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Gertrud Becker
Gertrud Becker
© Archiv Evangelische Stiftung Alsterdorf

Gertrud Becker * 1895

Braamkamp 42 (Hamburg-Nord, Winterhude)

JG. 1895
"VERLEGT" 16.8.1943
ERMORDET 15.9.1944

Gertrud Clara Edith Becker, born 31.7.1895 in Hamburg, admitted to the Alsterdorfer Anstalten (now Evangelische Stiftung Alsterdorf) on 4.2.1931, "transferred" to Vienna on 16.8.43 to the "Wagner von Jauregg-Heil- und Pflegeanstalt der Stadt Wien", where she died on 15.9.1944.

Braamkamp 42 (Winterhude)

Gertrud Clara Edith Becker was born in Hamburg on July 31, 1895, the youngest of eight children. She was baptized Evangelical Lutheran. The parents, the merchant Carl Johann Julius (also: Carlos Juan Julio) Becker and his wife Agathe, née Schmitz, born on May 16, 1855 in Hamburg, had married on May 26, 1881 in Caracas, Venezuela. The husband is believed to have died during World War I. We do not know his date of birth, place of birth, date of death, or cause of death.

The oldest of the eight children, Enriqueta Luise Agata, had been born in Caracas on May 6, 1882. At the time of her marriage in 1905 in Hamburg to the merchant Jürgen Nagel, her father lived in Caracas and her mother in Hamburg.

The second born child, Kurt, whose birth data we do not know, is said to have lived later as a merchant in America.

Martha Friederike Johanna Becker, born in Caracas on July 27, 1887, married James Archibald Hosie, a "commis" (clerk) born in Hamburg in 1880, in 1912. She is said to have died of pulmonary tuberculosis in 1926.

Children Hans and Ella each reportedly died of influenza at age seven and six months, respectively.
Paul, the sixth of the Becker children, is said to have perished in World War I.
Johann Carl Benno, born in Hamburg on June 15, 1891, lost his life on January 20, 1943, probably as a combatant in Metz.

The family lived in Hamburg-Harvestehude, Mittelweg 57, for several years around 1895, temporarily moving to Caracas, as indicated by the birthplaces of the children. Gertrud Becker also lived in Venezuela for a certain time. We do not know exact dates.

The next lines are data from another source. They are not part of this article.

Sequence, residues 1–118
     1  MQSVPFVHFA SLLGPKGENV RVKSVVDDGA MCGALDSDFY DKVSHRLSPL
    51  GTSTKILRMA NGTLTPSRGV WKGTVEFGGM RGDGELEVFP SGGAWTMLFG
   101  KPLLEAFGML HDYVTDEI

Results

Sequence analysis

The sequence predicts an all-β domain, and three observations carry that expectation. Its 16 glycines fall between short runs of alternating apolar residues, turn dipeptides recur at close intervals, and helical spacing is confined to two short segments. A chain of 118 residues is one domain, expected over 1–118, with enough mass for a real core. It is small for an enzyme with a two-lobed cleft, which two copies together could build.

Gertrud Becker's birth is said to have been normal. Permanent, unspecified damage was attributed to an anesthetic for the surgical removal of a hematoma, which is said to have been performed at the age of three months. The child was able to walk - as the mother reported during an examination by the Hamburg welfare authorities - at the age of one and began to speak at the age of two.

From this age on, Gertrud Becker lived in Venezuela. She gained a lot of weight there and became conspicuously corpulent. The girl was not as lively as other children of that age, but was said to be "clean" at the age of two. In 1899 - Gertrud was now four years old - the family is said to have settled back in Hamburg. (In the Hamburg address book from that time, however, corresponding entries could not be found). A doctor in Hamburg attributed Gertrud Becker's corpulence to her stay in the tropics. Gertrud was described as cheerful, but retarded in her development. Because the girl was "handicapped in her ability to speak," she received home schooling until 1914. A resident physician had diagnosed her with "mongolism" (trisomy 21). However, this diagnosis was not mentioned later. In contrast, the institution's physician, SA member Gerhard Kreyenberg, told the Hamburg welfare authorities in 1938 that Gertrud Becker suffered from "cretinism with imbecility".